In conjunction with the demand for new units, there is also a growing demand for renovations to existing apartment communities. According to Hoyt’s research, over 50% of existing apartments are more than 35 years old and will need to be renovated in the next 10-15 years. This is expected to provide a boost to the construction industry and to the overall economy.

According to Zillow, the Sacramento median home price in July was $302,700 compared to $1,204,700 in San Francisco. In addition to being able to own a home

Sweet Home, Sacramento The San Francisco Bay Area’s ongoing tech industry boom has caused home prices and rental rates to skyrocket and has left many residents searching elsewhere for housing. As a result, the City of Sacramento – less than 90 miles northeast of the Bay Area – is experiencing an increase in net migration due to its relative affordability compared with San Francisco.



for nearly a quarter of the cost, Sacramento residents benefit from the downtown area’s recent urban renewal and easy access to a wealth of outdoor recreational opportunities not available in the Bay Area. On the flipside, the influx of residents has propelled apartment rent rental growth in Sacramento, although rates are still significantly lower than the Bay Area. According to the Colliers International 2017 Sacramento Multifamily

Forecast, “Sacramento apartment rent growth in 2016 (10.7%) topped all major U.S. markets. We will continue to see positive rent growth in the 6%-7% range through 2017.” Despite the increase in apartment rates, Sacramento was the fastest growing city in California in 2016 (1.4%) and this trend is expected to continue in 2017.



TRAILBLAZING: HARLOW, LAS VEGAS, NV Some Solace Away from the Action

Newly Repainted Exterior at Harlow

When thinking of Las Vegas, many of us have images of the glitz and glamour of the “Strip”, a pool party at the Bellagio, or bottle service and a high-priced DJ at a glitzy nightclub. The reality for most of the City’s residents is a much more tempered lifestyle – they may work on the Strip at night but they stay far away on their days off.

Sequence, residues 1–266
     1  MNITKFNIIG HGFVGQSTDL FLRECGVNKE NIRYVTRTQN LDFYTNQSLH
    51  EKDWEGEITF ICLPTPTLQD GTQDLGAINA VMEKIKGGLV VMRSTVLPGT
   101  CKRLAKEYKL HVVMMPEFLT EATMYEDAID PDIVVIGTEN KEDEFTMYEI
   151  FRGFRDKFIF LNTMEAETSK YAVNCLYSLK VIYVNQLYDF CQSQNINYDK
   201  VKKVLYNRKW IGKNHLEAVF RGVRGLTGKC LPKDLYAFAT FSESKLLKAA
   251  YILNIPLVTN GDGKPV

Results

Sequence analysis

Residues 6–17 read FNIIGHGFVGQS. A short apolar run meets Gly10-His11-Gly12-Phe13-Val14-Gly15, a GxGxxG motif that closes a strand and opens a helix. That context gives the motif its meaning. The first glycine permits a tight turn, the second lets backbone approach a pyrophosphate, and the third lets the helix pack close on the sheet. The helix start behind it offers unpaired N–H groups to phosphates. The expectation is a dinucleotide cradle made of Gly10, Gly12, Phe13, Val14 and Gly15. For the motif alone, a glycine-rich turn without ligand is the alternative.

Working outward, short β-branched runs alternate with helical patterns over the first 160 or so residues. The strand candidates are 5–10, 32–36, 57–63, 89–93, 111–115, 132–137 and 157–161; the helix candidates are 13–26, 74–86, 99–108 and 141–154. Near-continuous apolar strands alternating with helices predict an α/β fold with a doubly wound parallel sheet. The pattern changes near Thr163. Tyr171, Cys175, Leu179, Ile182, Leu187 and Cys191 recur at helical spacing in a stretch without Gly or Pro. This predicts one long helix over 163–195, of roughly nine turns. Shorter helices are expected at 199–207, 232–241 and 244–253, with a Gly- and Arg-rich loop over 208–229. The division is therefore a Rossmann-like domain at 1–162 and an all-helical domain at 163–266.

square feet. Many residents work in or around the Strip and enjoy the tranquil location and nearby amenities (there is a horse-trail and walking path in front of the property that winds through the nearby Lone Mountain hiking area).

Harlow (formerly Tierra Bella), built in 2003, is a 98unit apartment community located in northwest Las Vegas within the Lone Mountain residential area – a quiet and quasi-rural suburban area adjacent to the award-winning Summerlin master planned community. The property is situated on 5.6 acres and includes 13 buildings consisting of 16 one-bedroom/one-bathroom units, 50 two-bedroom/two-bathroom units and 32 three-bedroom/two-bathroom units averaging 1,061

Our business plan is to implement hands-on, professional management, renovate and modernize the unit interiors and common areas, rebrand and refresh the marketing and add several amenities. To date, we have completed a new exterior paint scheme on all buildings and are renovating the leasing office, clubhouse, fitness room and pool area, all scheduled for completion this month. We have rebranded the community and updated or replaced the property’s signage and marketing materials. In addition, we have renovated four unit interiors and have three additional units in process. We believe there is a shortage of modern, renovated apartments in this submarket and our renovated units and exterior enhancements have been well received by our tenants.

Kitchen Before

Kitchen Renovated

As the economy rebounds from the Great Recession and tourism continues to grow, the Vegas suburbs – where many locals reside – have also rebounded strongly.





“Price is what you pay, value is what you get.” - Warren Buffet

“Try not to become a man of success, but rather try to become a man of value.” - Albert Einstein

“All intelligent investing is value investing – acquiring more that you are paying for.”

“Knowledge is of no value unless you put it into practice.”

- Charles Munger, American investor

“When the well’s dry, we know the worth of water.” - Benjamin Franklin

- Anton Chekhov, Russian Author

“If you want to know the value of money, go and try to borrow some.” - Benjamin Franklin